Mahendra Jadeja is a prominent member of the Indian community in Britain. He is on national media in India and other parts of the world after his organisation the Rajput Samaj called to boycott the screening of controversial Hindi movie Padmavati in Britain. Mr Jadeja, a Business Consultant, is an Ambassador for the Loomba Foundation. He is also part of the Executive of National Congress of Gujarati Organisations and President of Rajput Samaj of United Kingdom. Asian Lite’s Ragasudha Vinjamuri speaks to him on his initiative of organising the International Men’s Day at the House of Commons on 29 November.
You are celebrating the first ever International Men’s Day at British Parliament House. How did you get this idea?
I thank the International Women’s Day for that, which I was supporting for many years now. There are lot of problems for men too and there is lack of awareness in men’s health in the community. I was surprised to find through Google that there is an International Men’s Day too. After looking at it closely, I noted Movember that started in America. I spoke to few like-minded people and realised that men also needed much help. Hence, I just had to reverse one alphabet and change the IWD to IMD. Wanted to launch it at a memorable place, in cooperation with good friends. It is nice Virendra Sharma MP came forward happily to host it, the earliest possible day was 29 November though the actual IMD is on 19 November.
What according to you are issues that need attention?
More men commit suicide than women under the age of 39, according to statistics. Transgender issue in Asian community is not explored much and mental disorders and loneliness in men need much attention. Similarly, Prostrate cancer is another key issue. I had an opportunity to attend an event for Combat Stress. Those who come back from army face stress with life after returning. I wanted to create awareness on these and then many others can take it further.
What is the agenda and objective for the celebration?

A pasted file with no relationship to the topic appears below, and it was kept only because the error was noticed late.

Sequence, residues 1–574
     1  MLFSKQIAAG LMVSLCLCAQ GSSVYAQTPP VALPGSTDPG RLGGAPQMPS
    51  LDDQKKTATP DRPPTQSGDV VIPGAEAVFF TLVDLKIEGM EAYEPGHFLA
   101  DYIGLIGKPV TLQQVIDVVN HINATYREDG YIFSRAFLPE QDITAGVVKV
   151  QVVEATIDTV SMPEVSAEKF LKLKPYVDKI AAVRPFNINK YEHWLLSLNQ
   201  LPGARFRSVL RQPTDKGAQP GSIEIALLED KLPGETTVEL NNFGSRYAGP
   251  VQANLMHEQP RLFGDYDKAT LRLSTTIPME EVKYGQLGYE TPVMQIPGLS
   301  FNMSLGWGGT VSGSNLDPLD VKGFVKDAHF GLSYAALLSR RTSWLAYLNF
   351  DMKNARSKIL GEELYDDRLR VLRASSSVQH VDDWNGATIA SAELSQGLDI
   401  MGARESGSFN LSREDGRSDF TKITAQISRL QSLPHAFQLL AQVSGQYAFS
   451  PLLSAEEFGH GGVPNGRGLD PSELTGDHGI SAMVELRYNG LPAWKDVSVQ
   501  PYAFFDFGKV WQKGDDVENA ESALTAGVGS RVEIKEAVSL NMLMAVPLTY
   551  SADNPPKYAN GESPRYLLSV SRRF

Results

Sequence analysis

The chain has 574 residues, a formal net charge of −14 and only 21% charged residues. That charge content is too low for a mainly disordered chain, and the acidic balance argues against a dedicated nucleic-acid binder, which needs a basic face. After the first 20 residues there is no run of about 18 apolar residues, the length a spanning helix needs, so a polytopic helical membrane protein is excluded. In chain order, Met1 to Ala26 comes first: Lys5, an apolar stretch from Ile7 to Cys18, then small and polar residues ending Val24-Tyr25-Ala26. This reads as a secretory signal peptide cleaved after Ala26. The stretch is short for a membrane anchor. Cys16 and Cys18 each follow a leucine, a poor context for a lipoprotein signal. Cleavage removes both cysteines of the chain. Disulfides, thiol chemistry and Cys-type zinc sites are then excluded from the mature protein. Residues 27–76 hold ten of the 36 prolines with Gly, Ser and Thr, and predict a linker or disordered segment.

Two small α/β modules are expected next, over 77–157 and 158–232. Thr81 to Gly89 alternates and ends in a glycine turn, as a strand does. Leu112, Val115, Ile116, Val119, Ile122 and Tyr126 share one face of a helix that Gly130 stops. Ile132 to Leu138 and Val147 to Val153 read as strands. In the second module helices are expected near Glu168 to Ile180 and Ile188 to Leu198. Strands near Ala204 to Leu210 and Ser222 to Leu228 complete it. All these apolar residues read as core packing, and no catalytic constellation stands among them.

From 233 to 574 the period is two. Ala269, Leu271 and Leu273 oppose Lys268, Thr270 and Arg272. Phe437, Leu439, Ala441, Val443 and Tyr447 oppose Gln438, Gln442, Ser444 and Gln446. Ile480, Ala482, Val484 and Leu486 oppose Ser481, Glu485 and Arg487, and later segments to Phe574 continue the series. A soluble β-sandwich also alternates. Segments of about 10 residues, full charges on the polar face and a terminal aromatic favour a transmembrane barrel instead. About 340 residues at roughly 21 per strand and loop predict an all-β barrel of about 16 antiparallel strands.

Speakers from Minister of Defence shall bring awareness on Combat Stress. Ashok Chauhanji is helping with it. For the issue of Domestic Violence, Varsha Mistry from MET Police is helping to cover the men’s stories. Brahma Kumaris shall speak on their research on men’s issues. There are different aspects that shall be covered by few other key dignitaries. Although it is called International Men’s Day, there are lot f ladies who are supporting this initiative.
You are marking the day this year. What is the sustainability of this initiative for the future?
Very good question. We have many community organisations here. It will be good to invite the leaders of different organisations. They become brand ambassadors for their organisations and take it to their own groups. This is the stepping stone in the right direction. This is the aim.
You are launching the very first the IMD. What are your other firsts?
In around year 2000, pujya Atmanswaroop Swamyji has guided me towards becoming part of national executive of the retail sector. Though Indians were leading in the retails sector, in the Executive surprisingly there were no Indians. Swamiji gave me the spark which led me to climb the natural ladder. I first became Deputy Vice President in the key election. I made history as the first Asian to hold the position of Vice President.
I also have other good memories. Jacqui Smith once wanted me to be the panel member for the committee to scrutinise identity. I advised her to create a national ID, using which you can travel without passport. Conservatives scrapped the system later. I am however proud that I was part of the team of the public panel who created that. I was also part of the team of 7 people for creating Oyster Card, based on Octopus card of Singapore. I was the first one to introduce no cost ATM in the country.
You seem to have done a variety of things in your life so far. Tell us your area of expertise.
I am a qualified Civil Engineer. I worked in Transportation- Docks and Railway. My first assignment was in Australia. Went to Dubai temporarily but did not like it there. I met my would-be wife in India. I came to the UK in 1976. I was brought up in an affluent family, but arrival in the UK changed my whole perception of life. In 1985 I started my business and won many awards in retail sector. I have created such wealth of knowledge in the industry that I wished turn that knowledge into consultancy. The motto is “If you work hard in this country, you get the fruits”.